A fed-up veteran blasts VA’s “lie, delay, deny” abyss
by Michelle Malkin
“They don’t care.”
As Obama administration officials pivot like haywire jewelry-box ballerinas to divert attention away from the nationwide Veterans Affairs disgrace, a reader who has been fighting the system urged me to urge Capitol Hill and the American public to stay focused.
This former Special Forces soldier and medic served his country for 25 years. He worked in the health care field managing military field medical clinics. “I know how health care is supposed to run, even in austere or low-budget environments,” he says. And in his nightmarish, ongoing experience, the VA is an epic, deadly, monstrous failure. He minces no words: “They’re getting billions of dollars, and they treat veterans like s-t. There’s no accountability, no buy-in, among civilian unionized employees. We mean nothing to them. It’s like going to the DMV for your health care.”
Over the past four years, the veteran tells me, he has been under direct VA care for two major line-of-duty-related injuries, including one combat-related injury. One of the medical centers that treated him — or rather mistreated him and maltreated him — is the Coatesville, Pa., VA. It’s the same facility where four vets died due to medical malpractice, leading to nearly $1.4 million in settlements to vets’ families, according to The Center for Investigative Reporting.
The harrowing cases included two fatal failures to monitor patients, improper management of a psychiatric patient, and wrongful diagnosis or misdiagnosis of a patient.
These details are all too familiar to my reader. “I have been misdiagnosed, had a missed diagnosis, and had delays of care lasting months,” he says. “My records have been lost, changed, split and mismanaged.” He has experienced firsthand the same “slow-walking” of care that millions of other VA patients have encountered and scores have died from — a systemic modus operandi of “lie, delay, deny.”
The vet gets a catch in his voice as he relates a horrible anecdote. After refusing to return to the Coatesville facility and seeking treatment at another VA clinic one day, he became nauseous. Instead of allowing him to lie down on a gurney, a nurse made him vomit outside so he wouldn’t soil the bed. He believes the office was open not to treat patients, but as a front for nurses to pick up extra shifts. He has encountered similar degrading and condescending treatment across the VA system.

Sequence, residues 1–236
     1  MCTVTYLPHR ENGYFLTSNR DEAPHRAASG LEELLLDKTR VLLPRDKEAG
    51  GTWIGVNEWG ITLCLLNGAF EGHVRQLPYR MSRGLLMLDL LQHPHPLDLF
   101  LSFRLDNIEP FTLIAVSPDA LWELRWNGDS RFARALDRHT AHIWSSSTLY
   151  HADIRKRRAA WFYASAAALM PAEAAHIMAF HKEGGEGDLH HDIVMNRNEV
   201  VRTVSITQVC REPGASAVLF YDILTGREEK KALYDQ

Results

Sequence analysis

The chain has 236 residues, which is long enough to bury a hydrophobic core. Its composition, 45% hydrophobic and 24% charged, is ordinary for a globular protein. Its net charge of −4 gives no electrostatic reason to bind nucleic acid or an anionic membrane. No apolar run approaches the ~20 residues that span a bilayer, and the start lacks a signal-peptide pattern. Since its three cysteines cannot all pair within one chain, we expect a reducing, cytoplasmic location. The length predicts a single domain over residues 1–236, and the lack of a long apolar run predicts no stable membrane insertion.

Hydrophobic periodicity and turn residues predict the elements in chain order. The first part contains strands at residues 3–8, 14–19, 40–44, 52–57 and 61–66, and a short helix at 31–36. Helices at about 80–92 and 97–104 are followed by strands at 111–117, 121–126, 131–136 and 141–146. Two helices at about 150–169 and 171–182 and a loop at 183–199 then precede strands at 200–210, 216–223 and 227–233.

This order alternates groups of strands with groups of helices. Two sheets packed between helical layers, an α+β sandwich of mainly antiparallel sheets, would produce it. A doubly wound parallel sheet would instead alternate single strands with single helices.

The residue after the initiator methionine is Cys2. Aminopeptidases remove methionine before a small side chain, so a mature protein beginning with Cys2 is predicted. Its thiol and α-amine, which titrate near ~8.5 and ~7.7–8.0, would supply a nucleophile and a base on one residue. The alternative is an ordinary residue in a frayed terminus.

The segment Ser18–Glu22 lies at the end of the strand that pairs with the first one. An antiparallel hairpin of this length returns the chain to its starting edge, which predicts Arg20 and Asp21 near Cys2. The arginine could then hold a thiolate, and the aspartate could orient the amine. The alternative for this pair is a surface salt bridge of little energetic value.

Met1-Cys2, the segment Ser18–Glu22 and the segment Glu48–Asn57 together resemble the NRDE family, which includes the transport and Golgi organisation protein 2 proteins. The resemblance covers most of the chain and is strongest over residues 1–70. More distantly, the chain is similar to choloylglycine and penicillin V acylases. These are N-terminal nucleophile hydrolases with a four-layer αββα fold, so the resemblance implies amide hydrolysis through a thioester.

When he appealed for help and advocacy within the system, the veteran was met with a stone wall of “Not My Job”-ism. Through denials of care, contraindicated medications, repeated mistakes and delays of pharmacy items, he endured callousness, humiliation and stigmatization. “When I get angry, they call me ‘crazy.’” Classic blame-the-victim tactics from the VA abusers.
Big Government politicians want to throw more funding at the VA, as usual. The veteran offers a scathing reality check: “There is ample money to address the needs of American veterans,” he says. “The problem is far deeper and more dangerous than just secret waiting lists. The VA almost killed me; my health is worse now than it was when I entered care; my quality of life and living conditions have been nothing short of horrific as I have waited years for adjudication of my benefits case, which in the end was botched.”
Again, the vet refuses to candy-coat the roots of the festering VA scandal: “The problem is not just waiting lists. It is utter fraudulent expenditure of enormous budgets, not on veterans, but on overpaid lazy, surly civilian employees that often make it clear that a) they do not like veterans and b) that the veteran is actually a nuisance. The problem is endemic, at every level, in the VA. The unfortunate fact of the matter is this: Veterans have become incidental to the process at the VA.”
The system is “an enormous cash cow, warehousing tens of thousands of overpaid employees” who “keep the gravy-train rolling.” The vet has a plea on behalf of all of his brothers and sisters who are drowning in the VA’s “lie, delay, deny” abyss:
“Please, don’t let this die.”
Flashback 15 years ago:
May 24, 2015 09:03 PM by Michelle Malkin
May 22, 2015 08:19 AM by Michelle Malkin
May 19, 2015 05:47 PM by Michelle Malkin
May 19, 2015 09:39 AM by Doug Powers
May 15, 2015 12:00 AM by Michelle Malkin
Categories: Health care